Corpus ID: 46830227

Labile aggregation stimulating substance, free fatty acids, and platelet aggregation.

  title={Labile aggregation stimulating substance, free fatty acids, and platelet aggregation.},
  author={Jonathan M. Gerrard and J. G. White and William Krivit},
  journal={The Journal of laboratory and clinical medicine},
  volume={87 1},
Labile aggregation stimulating substance (LASS), an intermediate produced during platelet biosynthesis of PGE2 and PGF2alpha, acts as a physiologic intercellular messenger to promote platelet aggregation and the release reaction. The activity is formed by intact cells after physiologic stimulation or can be generated from platelet membrane fractions after combination with arachidonate. In the present investigation, small amounts of polyunsaturated fatty acids added to an incubation mixture of… Expand
27 Citations
Enrichment of human platelet phospholipids with linoleic acid diminishes thromboxane release.
Exposure of human platelets to elevated concentrations of linoleic acid, the principal dietary polyunsaturate, would influence platelet thromboxane A2 release was investigated, suggesting that the platelet cyclooxygenase was partially inhibited. Expand
Inhibition of platelet function by cis-unsaturated fatty acids.
In studies of gel-filtered human platelets, it is found that cis-unsaturated fatty acids inhibited platelet shape change, aggregation, and secretion of 5-hydroxytryptamine induced by thrombin, adenosine diphosphate (ADP), collagen, U46619, or plant lectins, but not that induced by A23187, a calcium ionophore. Expand
Inhibition of platelet phospholipase-A2 as a mechanism for the anti-aggregating effect of linoleic acid
The conclusion is made that the anti-aggregating effect of linoleic acid is independent from prostaglandin pathway and is probably related to the phospholipid metabolism. Expand
The chemiluminescence response of human platelets.
These studies implicate activation of the enzyme prostaglandin synthetase in the arachidonate-induced platelet chemiluminescence and provide evidence that linoleic acid may also specifically activate platelet cyclooxygenase to produce electronically excited species capable of light emission. Expand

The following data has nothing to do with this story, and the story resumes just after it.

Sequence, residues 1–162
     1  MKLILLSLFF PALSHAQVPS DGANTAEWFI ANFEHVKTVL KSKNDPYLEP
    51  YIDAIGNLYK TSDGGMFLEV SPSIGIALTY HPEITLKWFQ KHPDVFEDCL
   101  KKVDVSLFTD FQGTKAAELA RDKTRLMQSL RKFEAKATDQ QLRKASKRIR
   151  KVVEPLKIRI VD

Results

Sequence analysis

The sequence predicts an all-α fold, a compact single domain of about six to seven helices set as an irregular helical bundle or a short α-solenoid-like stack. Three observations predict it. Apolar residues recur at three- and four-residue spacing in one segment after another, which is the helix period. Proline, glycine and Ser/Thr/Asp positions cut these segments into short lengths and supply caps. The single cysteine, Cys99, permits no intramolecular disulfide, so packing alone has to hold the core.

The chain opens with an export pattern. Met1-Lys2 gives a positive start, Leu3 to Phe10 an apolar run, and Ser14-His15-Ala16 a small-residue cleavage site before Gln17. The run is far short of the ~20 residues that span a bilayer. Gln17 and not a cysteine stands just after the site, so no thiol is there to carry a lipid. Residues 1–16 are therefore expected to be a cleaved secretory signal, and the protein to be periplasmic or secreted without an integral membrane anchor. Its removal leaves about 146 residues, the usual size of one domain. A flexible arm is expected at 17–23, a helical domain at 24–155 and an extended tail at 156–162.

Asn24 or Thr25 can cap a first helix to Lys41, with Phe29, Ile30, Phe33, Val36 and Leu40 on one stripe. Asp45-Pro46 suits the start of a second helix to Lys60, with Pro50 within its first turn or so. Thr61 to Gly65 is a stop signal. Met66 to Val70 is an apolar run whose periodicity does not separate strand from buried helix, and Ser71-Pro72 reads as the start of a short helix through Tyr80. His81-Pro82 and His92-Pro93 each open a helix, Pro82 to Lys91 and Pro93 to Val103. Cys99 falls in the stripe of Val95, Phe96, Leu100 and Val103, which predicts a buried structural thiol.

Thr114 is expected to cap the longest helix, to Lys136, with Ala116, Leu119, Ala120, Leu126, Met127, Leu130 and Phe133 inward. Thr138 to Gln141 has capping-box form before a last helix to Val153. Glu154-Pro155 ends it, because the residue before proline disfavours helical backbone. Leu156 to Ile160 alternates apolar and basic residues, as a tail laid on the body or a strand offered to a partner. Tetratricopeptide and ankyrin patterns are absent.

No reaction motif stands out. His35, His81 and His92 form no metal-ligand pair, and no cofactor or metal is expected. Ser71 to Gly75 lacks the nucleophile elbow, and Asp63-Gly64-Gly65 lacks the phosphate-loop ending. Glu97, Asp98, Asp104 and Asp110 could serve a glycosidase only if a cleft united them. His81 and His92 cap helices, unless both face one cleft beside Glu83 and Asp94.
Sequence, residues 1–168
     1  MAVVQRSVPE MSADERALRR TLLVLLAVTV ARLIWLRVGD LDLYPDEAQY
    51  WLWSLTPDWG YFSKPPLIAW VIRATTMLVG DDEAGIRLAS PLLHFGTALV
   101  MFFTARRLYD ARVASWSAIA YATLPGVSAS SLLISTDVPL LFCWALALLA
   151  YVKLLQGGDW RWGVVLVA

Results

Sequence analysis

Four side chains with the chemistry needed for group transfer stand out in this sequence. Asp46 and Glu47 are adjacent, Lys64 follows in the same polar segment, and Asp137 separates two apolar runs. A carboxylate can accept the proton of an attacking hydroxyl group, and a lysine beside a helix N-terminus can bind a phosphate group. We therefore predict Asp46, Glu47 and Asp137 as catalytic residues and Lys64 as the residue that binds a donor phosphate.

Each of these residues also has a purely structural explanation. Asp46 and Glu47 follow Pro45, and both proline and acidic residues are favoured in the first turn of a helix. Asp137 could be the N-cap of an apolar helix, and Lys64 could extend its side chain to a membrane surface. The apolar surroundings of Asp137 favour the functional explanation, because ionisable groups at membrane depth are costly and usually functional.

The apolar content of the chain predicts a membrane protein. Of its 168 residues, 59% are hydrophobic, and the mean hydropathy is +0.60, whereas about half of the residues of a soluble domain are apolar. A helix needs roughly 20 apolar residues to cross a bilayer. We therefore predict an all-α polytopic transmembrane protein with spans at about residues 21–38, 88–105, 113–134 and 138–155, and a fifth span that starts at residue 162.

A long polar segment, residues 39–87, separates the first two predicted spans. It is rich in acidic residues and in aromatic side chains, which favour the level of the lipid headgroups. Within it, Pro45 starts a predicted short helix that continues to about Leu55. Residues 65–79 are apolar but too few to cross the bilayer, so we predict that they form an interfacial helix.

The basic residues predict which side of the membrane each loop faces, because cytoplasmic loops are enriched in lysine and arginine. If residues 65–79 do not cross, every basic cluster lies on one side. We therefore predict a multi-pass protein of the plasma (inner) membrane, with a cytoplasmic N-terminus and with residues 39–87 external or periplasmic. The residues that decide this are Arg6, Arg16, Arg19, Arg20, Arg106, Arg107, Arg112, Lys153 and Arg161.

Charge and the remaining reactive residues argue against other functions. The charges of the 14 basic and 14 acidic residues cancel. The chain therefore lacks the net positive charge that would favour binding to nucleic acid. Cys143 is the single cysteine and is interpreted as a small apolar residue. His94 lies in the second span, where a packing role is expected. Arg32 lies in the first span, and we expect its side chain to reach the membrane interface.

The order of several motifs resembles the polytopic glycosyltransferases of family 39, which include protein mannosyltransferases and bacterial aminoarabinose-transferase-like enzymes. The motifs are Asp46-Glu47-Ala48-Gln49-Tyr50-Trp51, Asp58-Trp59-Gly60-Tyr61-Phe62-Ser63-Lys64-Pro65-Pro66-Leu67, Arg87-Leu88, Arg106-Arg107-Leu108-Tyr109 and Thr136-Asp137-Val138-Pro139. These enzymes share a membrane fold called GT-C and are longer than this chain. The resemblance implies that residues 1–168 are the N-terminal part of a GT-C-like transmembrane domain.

Effect of fatty acid modification on prostacyclin production by cultured human endothelial cells.
There was a progressive increase in the capacity of the cells to release PGI2 in response to thrombin and the increase correlated with a reduction in linoleate content of the cell lipids, but there was no change in arachidonate content, which suggests that linoleic acid may act as an inhibitor of P GI2 production. Expand
An endogenous inhibitor of PAF-induced platelet aggregation, isolated from rat liver, has been identified as free fatty acid.
In an earlier study, an inhibitor of PAF-induced aggregation of platelets was isolated from perfused rat liver and found to be a mixture of long-chain unsaturated fatty acids, which could have interesting connotations as regards modulation ofPAF activity. Expand
Isomers of trans fatty acids modify the activity of platelet 12-P lipoxygenase and cyclooxygenase/thromboxane synthase.
The effects of fatty acids are demonstrated at the membrane level where fatty acids may produce a perturbation in specific lipid domains affecting the activity of cytoplasmic enzymes like 12-P LOX and cyclooxygenase/thromboxane synthase. Expand
Platelet Fatty Acid Composition and Adenosine Diphosphate-Induced Platelet Aggregation
1) The fatty acid composition (16:0, 18:0, 18:1, 18:2, 20:4 in wt%) of platelet total lipids and platelet aggregation (PAG) in citrated PRP induced by ADP (1 and 0.1mM) were studied in 20 normalExpand
Docosahexaenoic acid (C22:6 omega 3) and linoleic acid are anti-aggregatory, and alter arachidonic acid metabolism in human platelets.
DHA showed a dose-dependent inhibition of platelet aggregation induced by arachidonate, epinephrine and collagen, and this effect was greatest for PGE2 which increased by 5-6 fold of control values. Expand
Effect of dietary linoleic acid on platelet function in the rat.
In rat, dietary linoleic acid is apparently responsible for a specific protective effect on platelet functions which cannot be observed by merely decreasing the level of saturated fat. Expand